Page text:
THE Japanese government has extended a $15 million grant to government to fund the second phase of an irrigation scheme in Nyanga.
BY TARISAI MANDIZHA
The Nyakomba irrigation scheme is set to benefit 861 smallholder farmers.
Speaking at the signing ceremony for the exchange of notes and grant agreement for Nyakomba Irrigation Scheme Development in Harare yesterday, Finance and Economic Development minister Patrick Chinamasa said the intervention by the Japanese government would reduce the impact of climate change, among others.
“The intervention by the government of Japan in the agriculture sector will assist in reducing the adverse impact of climate change, restore damaged irrigation infrastructure and develop new irrigation infrastructure for A1 and A2 farmers for block A in Nyakomba,” Chinamasa said.
He said the project would commence in 2016 focusing on construction of irrigation facilities in block A which covers 138 hectares for A1 and A2, replacement and repairing of pump and flood protection structure for existing irrigation facilities in block B, C and D which were damaged by floods during period 1997 and 2000 and also procurement of pumps, pipelines and other equipment needed for operation and maintenance required in block A, B, C and D.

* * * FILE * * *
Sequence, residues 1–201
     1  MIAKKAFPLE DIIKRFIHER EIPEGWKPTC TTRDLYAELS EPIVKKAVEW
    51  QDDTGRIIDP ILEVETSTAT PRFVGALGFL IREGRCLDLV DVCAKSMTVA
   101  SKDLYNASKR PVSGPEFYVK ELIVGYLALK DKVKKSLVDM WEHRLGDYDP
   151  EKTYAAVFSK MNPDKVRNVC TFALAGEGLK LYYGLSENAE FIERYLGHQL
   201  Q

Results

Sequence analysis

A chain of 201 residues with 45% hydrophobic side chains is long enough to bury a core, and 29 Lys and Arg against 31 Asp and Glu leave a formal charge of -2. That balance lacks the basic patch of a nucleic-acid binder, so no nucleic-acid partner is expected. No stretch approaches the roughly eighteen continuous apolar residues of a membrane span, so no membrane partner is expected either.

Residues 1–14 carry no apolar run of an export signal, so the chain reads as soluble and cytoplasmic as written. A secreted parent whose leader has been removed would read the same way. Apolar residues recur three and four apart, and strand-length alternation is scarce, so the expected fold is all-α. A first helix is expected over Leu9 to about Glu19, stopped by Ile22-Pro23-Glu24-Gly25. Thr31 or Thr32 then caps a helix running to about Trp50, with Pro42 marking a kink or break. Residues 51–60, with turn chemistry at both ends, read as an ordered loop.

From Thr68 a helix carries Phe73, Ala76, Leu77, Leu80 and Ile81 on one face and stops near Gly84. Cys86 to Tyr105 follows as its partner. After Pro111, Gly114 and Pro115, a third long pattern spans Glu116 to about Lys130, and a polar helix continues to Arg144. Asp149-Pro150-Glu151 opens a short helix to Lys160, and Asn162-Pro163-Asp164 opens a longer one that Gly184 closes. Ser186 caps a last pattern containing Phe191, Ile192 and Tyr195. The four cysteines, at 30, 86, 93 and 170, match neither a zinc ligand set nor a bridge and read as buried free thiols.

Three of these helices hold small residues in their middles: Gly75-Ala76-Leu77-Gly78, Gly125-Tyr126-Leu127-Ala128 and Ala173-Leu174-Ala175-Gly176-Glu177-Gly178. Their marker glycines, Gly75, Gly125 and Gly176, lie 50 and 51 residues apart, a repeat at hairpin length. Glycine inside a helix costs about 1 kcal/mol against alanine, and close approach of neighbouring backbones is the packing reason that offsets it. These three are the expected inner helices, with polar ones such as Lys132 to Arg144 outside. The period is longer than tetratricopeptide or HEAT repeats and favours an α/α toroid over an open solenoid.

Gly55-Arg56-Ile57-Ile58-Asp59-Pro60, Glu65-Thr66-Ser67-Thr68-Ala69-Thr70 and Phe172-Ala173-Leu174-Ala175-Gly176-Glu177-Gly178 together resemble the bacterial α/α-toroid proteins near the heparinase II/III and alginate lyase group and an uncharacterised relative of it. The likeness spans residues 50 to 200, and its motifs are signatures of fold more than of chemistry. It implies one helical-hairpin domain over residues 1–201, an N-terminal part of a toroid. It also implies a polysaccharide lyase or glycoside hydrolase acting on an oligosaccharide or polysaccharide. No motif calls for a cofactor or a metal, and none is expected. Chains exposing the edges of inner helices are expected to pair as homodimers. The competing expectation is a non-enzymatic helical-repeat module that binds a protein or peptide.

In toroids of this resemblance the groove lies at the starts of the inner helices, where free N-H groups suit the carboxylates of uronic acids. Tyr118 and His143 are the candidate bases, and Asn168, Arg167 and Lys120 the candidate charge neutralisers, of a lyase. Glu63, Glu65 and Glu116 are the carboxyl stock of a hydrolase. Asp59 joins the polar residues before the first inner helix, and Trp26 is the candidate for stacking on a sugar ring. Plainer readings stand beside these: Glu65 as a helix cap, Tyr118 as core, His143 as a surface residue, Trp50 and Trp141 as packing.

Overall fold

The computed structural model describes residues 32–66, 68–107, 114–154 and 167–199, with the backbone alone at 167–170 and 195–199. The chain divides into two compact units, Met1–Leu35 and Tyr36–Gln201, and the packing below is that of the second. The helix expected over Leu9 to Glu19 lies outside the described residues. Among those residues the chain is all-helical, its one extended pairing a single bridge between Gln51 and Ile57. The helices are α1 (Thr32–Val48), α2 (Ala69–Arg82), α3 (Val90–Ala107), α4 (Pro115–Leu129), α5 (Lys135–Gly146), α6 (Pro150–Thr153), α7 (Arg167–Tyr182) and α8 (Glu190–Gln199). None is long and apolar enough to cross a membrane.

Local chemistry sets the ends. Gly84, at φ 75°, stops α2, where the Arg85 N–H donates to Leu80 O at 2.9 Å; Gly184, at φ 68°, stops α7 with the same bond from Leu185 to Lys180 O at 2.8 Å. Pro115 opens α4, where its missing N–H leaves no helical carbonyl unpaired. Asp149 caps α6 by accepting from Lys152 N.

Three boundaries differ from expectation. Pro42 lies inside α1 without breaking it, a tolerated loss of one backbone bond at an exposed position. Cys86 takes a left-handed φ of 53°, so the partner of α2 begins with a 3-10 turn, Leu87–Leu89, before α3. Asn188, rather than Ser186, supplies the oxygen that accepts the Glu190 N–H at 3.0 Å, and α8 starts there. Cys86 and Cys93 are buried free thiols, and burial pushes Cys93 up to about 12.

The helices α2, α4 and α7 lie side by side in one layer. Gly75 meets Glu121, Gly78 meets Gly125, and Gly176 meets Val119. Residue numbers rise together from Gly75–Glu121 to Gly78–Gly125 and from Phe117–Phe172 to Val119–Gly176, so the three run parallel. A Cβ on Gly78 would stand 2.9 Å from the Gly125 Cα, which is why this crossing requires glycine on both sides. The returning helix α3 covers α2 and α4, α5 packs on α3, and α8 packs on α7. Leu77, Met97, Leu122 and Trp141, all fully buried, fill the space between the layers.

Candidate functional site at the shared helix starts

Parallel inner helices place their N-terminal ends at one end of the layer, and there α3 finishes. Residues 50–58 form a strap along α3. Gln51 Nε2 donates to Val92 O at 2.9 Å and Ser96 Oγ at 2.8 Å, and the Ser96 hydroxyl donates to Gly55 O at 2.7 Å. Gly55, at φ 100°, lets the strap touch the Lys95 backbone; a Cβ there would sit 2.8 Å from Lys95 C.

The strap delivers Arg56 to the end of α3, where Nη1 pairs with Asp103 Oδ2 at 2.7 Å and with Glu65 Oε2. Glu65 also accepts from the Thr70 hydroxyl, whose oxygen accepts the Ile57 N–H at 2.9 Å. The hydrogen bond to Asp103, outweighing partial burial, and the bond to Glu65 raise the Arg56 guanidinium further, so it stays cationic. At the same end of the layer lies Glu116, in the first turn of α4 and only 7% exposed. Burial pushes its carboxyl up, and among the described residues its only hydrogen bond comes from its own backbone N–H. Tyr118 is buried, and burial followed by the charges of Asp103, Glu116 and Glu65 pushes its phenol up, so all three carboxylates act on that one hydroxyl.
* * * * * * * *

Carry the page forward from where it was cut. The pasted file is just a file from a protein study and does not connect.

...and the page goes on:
Chinamasa said the government would also construct irrigation for block E which covers 94 hectares which would benefit 180 smallholder farmers.
In his 2015 National Budget, Chinamasa allocated $5,9 million towards the rehabilitation and development of targeted communal smallholder farmers’ irrigation schemes.
Japanese ambassador to Zimbabwe Yoshi Tendai Hiraishi said the signing ceremony marked the resumption of substantive bilateral economic co-operation between Japan and Zimbabwe.
“It is unfortunate that due to prolonged economic challenges in this country, government-to-government general grant aid assistance to Zimbabwe was suspended in 2000. Today’s signing therefore marks the resumption of our re-engagement of bilateral economic co-operation with Zimbabwe which gives additional significance to this occasion,” he said.
Hiraishi said the re-engagement was as a result of an official request from the government of Zimbabwe in 2012 and a culmination of lengthy detailed technical studies between the Japan International Co-operation Agency Zimbabwe Office and the Department of Irrigation in the Ministry of Agriculture, Mechanisation and Irrigation Development.